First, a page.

Shit in, shit out is spot on. So often a corporate disruption is started as a senior leader’s hobby horse and a junior member of the team is asked it execute it. Often you find that the project is exciting to leadership because, if it achieves massive scale, it will solve a company problem (often low margin portfolio, no leverage with distributor or stagnating growth). But it’s far less clear what consumer problem the idea would solve. The way I would address this: Ask the senior leader to articulate what consumer problem they hope the project solves, and then give… Read more »

Andrew Campbell
Andrew Campbell

Jordan. I love your “Shit in. Shit out” point. See my comment above. I may have a tool for distinguishing between shit and shine.

Alex Bazin
Alex Bazin

This is one of the best summaries I’ve read of why corporate innovation tends to fail. From what I’ve seen, the most successful startups have long-term, arms-length investors with long-term, empowered founders. As is correctly pointed out, this can’t be achieved from within a corporate P&L. I think that corporates need to look to set up semi-autonomous organisations (like Google Ventures or historically PARC) with a significant balance sheet to make these types of investments and achieve that long-term focus. The lack of alternative investment choices for corporate startups is another challenge that affects the long-term financial commitment. When a… Read more »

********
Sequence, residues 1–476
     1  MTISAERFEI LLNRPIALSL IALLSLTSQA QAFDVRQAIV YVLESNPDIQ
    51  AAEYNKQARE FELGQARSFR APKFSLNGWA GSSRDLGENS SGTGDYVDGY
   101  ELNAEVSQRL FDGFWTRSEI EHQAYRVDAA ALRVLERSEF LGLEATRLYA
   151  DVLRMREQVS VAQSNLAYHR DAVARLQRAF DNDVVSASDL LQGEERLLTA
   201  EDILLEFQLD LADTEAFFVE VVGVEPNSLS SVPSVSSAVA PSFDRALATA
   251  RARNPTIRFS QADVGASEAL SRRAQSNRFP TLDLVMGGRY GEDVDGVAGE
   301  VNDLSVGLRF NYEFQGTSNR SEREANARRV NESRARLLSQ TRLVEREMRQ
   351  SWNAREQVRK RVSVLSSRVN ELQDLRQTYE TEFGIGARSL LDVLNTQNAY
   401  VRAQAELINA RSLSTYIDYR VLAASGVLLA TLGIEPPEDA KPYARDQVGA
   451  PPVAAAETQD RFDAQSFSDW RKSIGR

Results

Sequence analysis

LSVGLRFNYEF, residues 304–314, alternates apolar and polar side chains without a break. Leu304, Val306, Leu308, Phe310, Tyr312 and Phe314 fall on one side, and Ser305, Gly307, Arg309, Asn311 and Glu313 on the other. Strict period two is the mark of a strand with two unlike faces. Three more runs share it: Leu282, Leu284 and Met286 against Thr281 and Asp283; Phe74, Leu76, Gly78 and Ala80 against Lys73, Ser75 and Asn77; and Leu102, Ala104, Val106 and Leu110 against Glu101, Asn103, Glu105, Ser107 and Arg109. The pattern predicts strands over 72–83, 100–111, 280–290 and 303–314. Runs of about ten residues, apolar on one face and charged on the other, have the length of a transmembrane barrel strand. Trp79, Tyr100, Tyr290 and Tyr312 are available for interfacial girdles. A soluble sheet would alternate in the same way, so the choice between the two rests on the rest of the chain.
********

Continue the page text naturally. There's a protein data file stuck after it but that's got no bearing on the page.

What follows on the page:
stephen rapoport
stephen rapoport

Awesome builds, Alex. Thanks! Fully agree with the point about a corporate startup’s ability to raise money from aligned investors (who care about Horizon 2 or 3 returns). As for the wealth side, you’re the first to raise this challenge and I’m sure the first of many! My favourite startup founders are driven by a vision of a better world, after their startup has succeeded. I certainly am. But I disagree that upside potential and downside risk are not motivators, enough to give a startup in the wild a competitive advantage over a corporate competitor. Finally, you’re absolutely right that… Read more »

Alex Bazin
Alex Bazin

Thanks Stephen. You’re absolutely right that while the averages favour the corporate pay check, the standard deviation is much much higher in the startup world. It’s of course a matter of risk tolerance, and some will be drawn to the higher risk, higher reward lifestyle. The upside/downside risk is interesting. I’m sure they’re motivational at some level, it’s just hard to measure how much that is a driver of success rather than a consequence of other motivational factors. What I wonder is how do companies like Apple, Adobe or Disney continue to make fairly big innovative leaps without having those… Read more »

ian forshew
ian forshew

I agree that the four freedoms will enable disruption. However, I think first and foremost you need to decide what kind of culture you are trying to create and then deploy them in that context. Or risk disturbance, rather than disruption.

stephen rapoport
stephen rapoport

Such a good build. It’s chickenegg. Only an accepting culture will actually put the four freedoms in place (rather than nodding then doing something half-arsed) BUT without the four freedoms it’s hard to imagine developing a truly innovative culture.

stephen rapoport
stephen rapoport

Perhaps the best solution is a separate entity staffed with fresh, experienced entrepreneurial talent AND corporate employees who are exiting because their heart is in disruption and they know they are in the wrong place!?